“It just hit me. I told her, ‘If I didn't know better, I'd promise I was in Indiana. This wall-to-wall corn is amazing.’”

And the task of harvesting such a large crop promises to be difficult. Both LSU AgCenter agricultural engineers, Morris and colleague Roberto Barbosa are helping prepare producers.

“There are a lot of inexperienced corn farmers this year,” says Barbosa. “Some haven't even been around a corn harvest. It would be a tragedy for anyone to take good care of his corn and then not harvest it well.”

Morris says it's hard to recommend long-term solutions because “we don't know how long this corn acreage spurt will last here. Does a farmer really want to buy bins based on the current situation?”

For anyone planning to buy a combine, “the main focus should be to set it up correctly to harvest corn. The set up isn't necessarily difficult, but it isn't something that takes two minutes and no prep, either. No one wants to leave any of the corn crop on the ground or falling out the back of the machine.”

Up front and proper maintenance of any machine is also crucial. “I assume most farmers looking at a corn combine will probably be looking at used machines first. That's what I've seen in the last year — lots of formerly leased machines are coming down here from the Midwest.”

Midwest farmers often lease combines for a year or two before turning them back in.

“Those combines are usually sold and some are ending up in the Mid-South. The leased machines are usually fairly well maintained. But they do need a maintenance going-over before harvest season.”

Louisiana's mid-June, dryland corn crop is “really beginning to concern me,” says David Lanclos, LSU AgCenter corn specialist. “We're not in nearly as bad a situation as Mississippi's dryland corn is in. But our dryland acres are headed south in a rapid manner.”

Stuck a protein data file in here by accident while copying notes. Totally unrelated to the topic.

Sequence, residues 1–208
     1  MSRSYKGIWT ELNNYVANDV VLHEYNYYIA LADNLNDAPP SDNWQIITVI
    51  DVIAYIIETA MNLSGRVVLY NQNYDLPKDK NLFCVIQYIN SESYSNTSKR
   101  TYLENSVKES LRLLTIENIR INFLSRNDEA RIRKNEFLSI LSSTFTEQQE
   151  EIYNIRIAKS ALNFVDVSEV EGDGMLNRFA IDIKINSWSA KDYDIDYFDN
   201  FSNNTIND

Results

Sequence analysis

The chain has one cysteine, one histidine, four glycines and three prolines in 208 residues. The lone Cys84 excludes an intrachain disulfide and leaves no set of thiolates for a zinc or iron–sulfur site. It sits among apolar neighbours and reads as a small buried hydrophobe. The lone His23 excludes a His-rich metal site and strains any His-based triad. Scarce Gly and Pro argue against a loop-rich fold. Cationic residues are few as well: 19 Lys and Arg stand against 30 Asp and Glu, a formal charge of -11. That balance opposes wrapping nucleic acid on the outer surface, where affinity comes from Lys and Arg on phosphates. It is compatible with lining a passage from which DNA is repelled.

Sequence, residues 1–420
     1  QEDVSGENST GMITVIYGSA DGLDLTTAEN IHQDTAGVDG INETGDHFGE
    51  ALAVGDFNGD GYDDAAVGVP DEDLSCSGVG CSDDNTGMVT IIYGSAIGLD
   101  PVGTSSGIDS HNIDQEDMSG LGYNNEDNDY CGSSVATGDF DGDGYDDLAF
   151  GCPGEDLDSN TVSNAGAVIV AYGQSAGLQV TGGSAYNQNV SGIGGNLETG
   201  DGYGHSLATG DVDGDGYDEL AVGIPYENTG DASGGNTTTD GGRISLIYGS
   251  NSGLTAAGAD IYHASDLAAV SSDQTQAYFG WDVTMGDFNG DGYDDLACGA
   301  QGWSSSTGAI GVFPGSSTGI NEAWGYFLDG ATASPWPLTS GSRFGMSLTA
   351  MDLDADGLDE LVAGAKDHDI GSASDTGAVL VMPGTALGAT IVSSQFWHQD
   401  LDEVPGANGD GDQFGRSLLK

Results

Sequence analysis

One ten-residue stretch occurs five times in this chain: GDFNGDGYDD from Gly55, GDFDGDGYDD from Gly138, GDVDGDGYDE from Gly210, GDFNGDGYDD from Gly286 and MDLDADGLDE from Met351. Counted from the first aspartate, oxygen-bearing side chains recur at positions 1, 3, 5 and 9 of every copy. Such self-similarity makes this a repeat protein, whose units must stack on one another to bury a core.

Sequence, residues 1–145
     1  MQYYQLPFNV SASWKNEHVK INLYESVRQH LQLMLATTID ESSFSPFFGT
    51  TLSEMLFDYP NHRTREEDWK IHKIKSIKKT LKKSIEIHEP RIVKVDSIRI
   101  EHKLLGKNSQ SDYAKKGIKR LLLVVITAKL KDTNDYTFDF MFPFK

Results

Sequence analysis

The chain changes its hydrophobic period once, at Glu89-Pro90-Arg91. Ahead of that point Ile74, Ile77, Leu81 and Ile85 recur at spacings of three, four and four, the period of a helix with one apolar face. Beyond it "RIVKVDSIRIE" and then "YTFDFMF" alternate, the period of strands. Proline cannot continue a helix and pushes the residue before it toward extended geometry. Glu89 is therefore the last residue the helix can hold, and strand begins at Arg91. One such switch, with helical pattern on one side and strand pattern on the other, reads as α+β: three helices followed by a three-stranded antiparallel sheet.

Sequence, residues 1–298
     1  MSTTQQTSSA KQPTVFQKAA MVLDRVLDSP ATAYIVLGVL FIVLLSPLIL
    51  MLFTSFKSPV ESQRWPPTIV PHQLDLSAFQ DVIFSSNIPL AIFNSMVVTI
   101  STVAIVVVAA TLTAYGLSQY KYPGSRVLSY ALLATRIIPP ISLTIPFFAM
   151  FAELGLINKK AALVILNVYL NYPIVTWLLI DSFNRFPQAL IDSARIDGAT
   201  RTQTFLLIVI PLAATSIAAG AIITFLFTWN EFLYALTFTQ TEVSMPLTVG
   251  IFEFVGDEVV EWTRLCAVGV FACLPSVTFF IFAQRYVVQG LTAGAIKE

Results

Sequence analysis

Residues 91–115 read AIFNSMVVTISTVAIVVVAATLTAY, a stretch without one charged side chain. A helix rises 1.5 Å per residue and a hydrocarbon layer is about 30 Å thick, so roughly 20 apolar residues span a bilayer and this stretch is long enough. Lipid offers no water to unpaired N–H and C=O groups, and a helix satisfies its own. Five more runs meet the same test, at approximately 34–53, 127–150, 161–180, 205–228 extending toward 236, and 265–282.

Until a week into June, most of Louisiana had adequate moisture. In some areas of the state, “producers haven't had to roll pipe or irrigate as much as they usually do. The last two weeks, though, that's changed and there will be yield ramifications.”

Louisiana corn is approaching dent and so water and food is still going into the kernels. That means, roughly, the crop needs 1 inch to 1.5 inches of water per week.

“Water makes grain and without grain the combines won't fill up as fast,” says Lanclos. “Dryland corn certainly isn't getting what it needs.

“Fortunately, most of our irrigated corn is getting close to enough moisture — although not 1.5 inches of water. There are plenty of producers irrigating every day to keep up.”

Any ramifications for the harvest?

“Not except for pushing the harvest up even more. There's plenty of speculation that combines could be running as early as July 15. Folks are saying this 105-day corn could be cut as early as then. Although those situations may be isolated, I don't doubt it could happen.”

Coming into harvest, storage is chief among front-burner issues.

“Everyone is worried about what will happen if the crop comes in all at once,” says Barbosa. “Where will it go?”

“Obviously, growers won't be putting it all in grain bins,” says Morris. “We just don't have the storage space. And it isn't easing up. According to reports and folks I've spoken with, several grain bin companies are several months behind on delivery.”

In the past, when storage ran out in the Midwest, elevators would pile grain on a concrete slab beside the mill.

“That works okay there because the weather gets cold relatively early. In the South, though, piling the grain on the ground isn't a good option. Unfortunately, I'm not sure there are many good options. But if we do that down here, it will surely mean the corn will be damaged.”

Both engineers agree with Lanclos' prediction of an early harvest.

“There's no doubt this crop will come off early,” says Morris. “And if this lack of rain continues, some parts of the state might as well come off now. It's extremely dry in some of the northeast, including around St. Joseph. It may not be as critical around Winnsboro.

“Regardless, some of our corn is suffering and will come out of the field early. But our planting season is so early, too. We can begin planting here in March or, in extreme cases, in late February.